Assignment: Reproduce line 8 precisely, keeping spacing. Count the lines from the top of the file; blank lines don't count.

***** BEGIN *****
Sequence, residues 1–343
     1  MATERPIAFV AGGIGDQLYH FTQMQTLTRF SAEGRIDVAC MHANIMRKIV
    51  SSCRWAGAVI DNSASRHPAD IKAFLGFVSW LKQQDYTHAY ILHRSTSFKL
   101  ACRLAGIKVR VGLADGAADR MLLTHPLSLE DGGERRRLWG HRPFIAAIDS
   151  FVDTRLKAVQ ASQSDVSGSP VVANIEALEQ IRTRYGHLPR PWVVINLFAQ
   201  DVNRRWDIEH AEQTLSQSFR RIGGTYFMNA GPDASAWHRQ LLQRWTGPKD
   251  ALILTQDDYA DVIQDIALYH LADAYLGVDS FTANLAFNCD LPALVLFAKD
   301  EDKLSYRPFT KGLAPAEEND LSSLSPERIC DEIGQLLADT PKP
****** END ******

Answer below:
   301  EDKLSYRPFT KGLAPAEEND LSSLSPERIC DEIGQLLADT PKP